Why Minify?

Better WordPress MinifyThere is no doubting the importance of load speed. Multiple studies have proven that it can have a dramatic effect on everything from conversion rate to brand credibility.

So anything you can do to speed up the load time of your site should be worth investigating, right? One such thing is “minifying” the CSS and JavaScript files that are used in part to build your site. As is typically the case, there is a plugin available that can do the job for you – Better WordPress Minify. Although it has only been downloaded around 30,000 times, it has a near perfect star rating and is well-supported.

But how effective is it? It may strike some of you as somewhat ironic that you should use a plugin (which increases the load time of a site) to reduce load time. But so long as the net result is positive, it is worth doing. So I took the liberty of testing Better WordPress Minify on my own blog to see how good a job it did.

Before

I used two popular load speed tools to “grade” my site both before and after I installed the plugin – Google Page Speed, and Yahoo! YSlow. If you’re wondering how I managed to combine the two services, I used ManageWP’s Web Performance feature.

Here are the “before” results:

Page Load Speed

Not bad…a page load time of under 4 seconds is generally considered quite good. Google’s Page Speed grade is pretty good, whilst YSlow is a fair bit lower. We can also see the total page size as well as the number of requests.

Page Load Speed

Above we can see some of the recommendations of the Google Page Speed tool – one of which is to minify CSS. Before installing Better WordPress Minify, I had a rather poor score of 59%.

After

Now it’s time to see if installing the plugin had a positive effect. Let’s check out the scores after I installed Better WordPress Minify:

Page Load Speed

In terms of grades, the improvements are rather marginal. We can however see that the total page size has been greatly reduced, as have the total number of requests. There is a problem however – the page load time has increased. Unfortunately, these tools are not as accurate as we would like – I ran the tests a few more times, and got different results every time.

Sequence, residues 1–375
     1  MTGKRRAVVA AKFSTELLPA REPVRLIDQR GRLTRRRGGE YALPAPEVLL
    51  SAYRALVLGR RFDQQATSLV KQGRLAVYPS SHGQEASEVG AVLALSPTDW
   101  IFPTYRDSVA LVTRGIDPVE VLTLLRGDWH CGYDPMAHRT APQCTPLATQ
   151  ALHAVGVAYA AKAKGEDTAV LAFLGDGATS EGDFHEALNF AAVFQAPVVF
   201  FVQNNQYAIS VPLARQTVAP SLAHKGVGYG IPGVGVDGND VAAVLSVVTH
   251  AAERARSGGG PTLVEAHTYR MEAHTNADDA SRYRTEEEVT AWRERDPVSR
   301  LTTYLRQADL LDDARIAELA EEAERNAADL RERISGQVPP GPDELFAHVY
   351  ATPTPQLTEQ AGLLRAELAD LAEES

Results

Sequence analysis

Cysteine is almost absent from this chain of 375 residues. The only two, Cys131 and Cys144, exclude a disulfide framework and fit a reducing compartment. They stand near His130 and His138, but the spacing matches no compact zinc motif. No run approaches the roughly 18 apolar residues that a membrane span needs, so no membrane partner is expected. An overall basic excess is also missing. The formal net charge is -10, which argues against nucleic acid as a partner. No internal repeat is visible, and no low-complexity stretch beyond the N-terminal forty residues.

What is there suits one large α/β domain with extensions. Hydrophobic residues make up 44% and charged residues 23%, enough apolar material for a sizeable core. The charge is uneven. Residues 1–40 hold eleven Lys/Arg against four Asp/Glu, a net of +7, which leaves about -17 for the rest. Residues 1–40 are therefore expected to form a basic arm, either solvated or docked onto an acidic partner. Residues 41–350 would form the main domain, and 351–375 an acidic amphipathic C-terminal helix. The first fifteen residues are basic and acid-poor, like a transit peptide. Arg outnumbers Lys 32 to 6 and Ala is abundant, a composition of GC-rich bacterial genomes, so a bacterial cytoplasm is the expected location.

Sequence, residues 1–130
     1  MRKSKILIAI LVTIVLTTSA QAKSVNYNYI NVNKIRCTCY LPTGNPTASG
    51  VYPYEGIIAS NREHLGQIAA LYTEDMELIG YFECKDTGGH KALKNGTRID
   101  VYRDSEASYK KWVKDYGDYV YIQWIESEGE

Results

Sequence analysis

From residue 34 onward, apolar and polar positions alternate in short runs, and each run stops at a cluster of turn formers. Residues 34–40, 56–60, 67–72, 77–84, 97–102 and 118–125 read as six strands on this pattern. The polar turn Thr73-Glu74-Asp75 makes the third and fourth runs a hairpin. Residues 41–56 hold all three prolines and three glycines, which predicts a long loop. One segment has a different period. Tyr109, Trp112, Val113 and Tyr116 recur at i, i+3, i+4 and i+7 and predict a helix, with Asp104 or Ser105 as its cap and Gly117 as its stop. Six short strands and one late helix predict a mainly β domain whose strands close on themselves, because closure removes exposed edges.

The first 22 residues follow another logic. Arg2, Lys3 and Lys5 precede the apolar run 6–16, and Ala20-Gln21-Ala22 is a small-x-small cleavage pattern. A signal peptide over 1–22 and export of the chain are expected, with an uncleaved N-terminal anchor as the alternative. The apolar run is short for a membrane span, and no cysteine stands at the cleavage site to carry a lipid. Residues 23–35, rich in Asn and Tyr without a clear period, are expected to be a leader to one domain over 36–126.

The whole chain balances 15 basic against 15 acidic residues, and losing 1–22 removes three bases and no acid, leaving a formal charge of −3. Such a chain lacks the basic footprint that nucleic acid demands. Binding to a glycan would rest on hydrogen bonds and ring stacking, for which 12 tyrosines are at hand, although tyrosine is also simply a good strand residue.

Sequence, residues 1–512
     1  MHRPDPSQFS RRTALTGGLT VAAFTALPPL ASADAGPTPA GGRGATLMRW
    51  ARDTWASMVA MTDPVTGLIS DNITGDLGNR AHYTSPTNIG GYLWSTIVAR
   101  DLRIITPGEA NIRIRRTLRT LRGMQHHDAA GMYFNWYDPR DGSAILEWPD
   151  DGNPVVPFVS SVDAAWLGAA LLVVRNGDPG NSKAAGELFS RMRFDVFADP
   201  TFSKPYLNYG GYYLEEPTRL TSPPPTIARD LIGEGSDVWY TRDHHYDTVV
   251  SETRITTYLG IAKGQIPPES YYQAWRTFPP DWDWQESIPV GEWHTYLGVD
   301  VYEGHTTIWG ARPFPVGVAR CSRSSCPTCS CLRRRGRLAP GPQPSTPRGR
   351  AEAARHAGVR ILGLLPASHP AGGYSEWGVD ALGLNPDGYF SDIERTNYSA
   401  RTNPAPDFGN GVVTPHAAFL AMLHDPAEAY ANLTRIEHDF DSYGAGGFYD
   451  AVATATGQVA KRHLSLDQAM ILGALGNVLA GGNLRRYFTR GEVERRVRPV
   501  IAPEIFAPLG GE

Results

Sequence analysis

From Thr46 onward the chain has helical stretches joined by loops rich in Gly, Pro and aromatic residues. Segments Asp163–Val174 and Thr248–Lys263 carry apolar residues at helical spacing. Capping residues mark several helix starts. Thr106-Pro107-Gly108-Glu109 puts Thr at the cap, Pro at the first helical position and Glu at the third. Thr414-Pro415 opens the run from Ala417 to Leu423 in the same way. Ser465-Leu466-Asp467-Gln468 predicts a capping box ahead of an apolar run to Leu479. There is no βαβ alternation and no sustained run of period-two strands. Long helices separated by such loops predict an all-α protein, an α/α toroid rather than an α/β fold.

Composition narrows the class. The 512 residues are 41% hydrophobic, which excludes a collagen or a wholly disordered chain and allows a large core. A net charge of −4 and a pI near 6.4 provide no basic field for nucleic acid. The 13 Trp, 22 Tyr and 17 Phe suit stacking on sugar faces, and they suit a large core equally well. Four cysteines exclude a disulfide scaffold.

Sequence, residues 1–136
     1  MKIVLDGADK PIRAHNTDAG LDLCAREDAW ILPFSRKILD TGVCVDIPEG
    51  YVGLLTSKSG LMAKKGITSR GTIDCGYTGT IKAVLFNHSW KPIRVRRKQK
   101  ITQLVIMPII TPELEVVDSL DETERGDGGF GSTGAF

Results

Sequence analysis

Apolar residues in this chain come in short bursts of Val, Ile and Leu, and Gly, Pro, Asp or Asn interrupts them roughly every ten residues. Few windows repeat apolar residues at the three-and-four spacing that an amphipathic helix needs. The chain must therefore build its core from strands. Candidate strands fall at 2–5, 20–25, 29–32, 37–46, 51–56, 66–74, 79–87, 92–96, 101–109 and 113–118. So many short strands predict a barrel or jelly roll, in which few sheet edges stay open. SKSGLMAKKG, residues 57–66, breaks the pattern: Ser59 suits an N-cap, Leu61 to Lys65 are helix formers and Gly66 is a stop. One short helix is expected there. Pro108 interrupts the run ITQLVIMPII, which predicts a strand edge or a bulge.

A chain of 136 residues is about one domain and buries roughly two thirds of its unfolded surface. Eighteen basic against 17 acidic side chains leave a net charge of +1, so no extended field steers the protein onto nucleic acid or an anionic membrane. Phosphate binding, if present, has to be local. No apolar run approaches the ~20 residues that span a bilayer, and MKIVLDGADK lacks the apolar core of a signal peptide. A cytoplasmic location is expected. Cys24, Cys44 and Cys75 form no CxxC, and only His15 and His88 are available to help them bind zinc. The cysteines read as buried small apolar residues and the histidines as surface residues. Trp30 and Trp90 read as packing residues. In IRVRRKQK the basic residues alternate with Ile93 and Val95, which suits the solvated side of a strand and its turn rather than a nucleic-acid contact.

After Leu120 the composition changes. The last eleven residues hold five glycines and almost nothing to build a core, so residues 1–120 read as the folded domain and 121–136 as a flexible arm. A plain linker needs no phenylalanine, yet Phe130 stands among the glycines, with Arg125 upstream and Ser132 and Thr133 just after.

One thing was consistently better though – the grades, including specifically the CSS minify recommendation grade:

Page Load Speed

A dramatic improvement from 59% to 78%.

A Net Increase In Performance?

But what effect did the installation of the plugin have? To gauge this, I ran a test with the Plugin Performance Profiler plugin:

Page Load Speed

As we can see, the impact of Better WordPress Minify is absolutely minimal, with a load time of just 0.026 seconds. My conclusion would be that the plugin has a net positive impact on the load time of your site, and is worth installing.

But what do you think? Is it a worthwhile plugin, or do you think there is a better solution available? Let us know in the comments section!

Creative Commons photo courtesy of The Eyes Of New York

Comments (7)

  1. I have own server, nginx as a front/back-end (no apache). I’m just gzipping js/css + creating a cache file (using nginx) for all users, who didn’t make a comment on my site. This technique gives me ability to make 4600+ request per second to a site (see screenshot: http://cosydale.com/wp-content/uploads/2011/05/nginx-cache-after.png)
    Using NO caching/minifying plugin on WP. I’m pretty happy :)

    Anyway, WP css/js minifying plugins are useful when you have 3+ such files loaded. Otherwise the plugin loading and processing time will almost eat all the useful effect of minifying.

  2. Indeed, in some cases a plugin not being updated may actually be a sign that it’s a good plugin and has been written in a away that ensures conflicts are minimised with future releases. It’s always worth checking if this is the case though, and not just that a plugin has been neglected. It’s reassuring if the compatibility information has been updated if nothing else.

    I imagine this is the case with W3 Total Cache, as it has been updated very recently, and is compatible with 3.5.1. I run it on some client sites and it does improve things to some extent, although I wouldn’t use it on a small site where performance isn’t really an issue.

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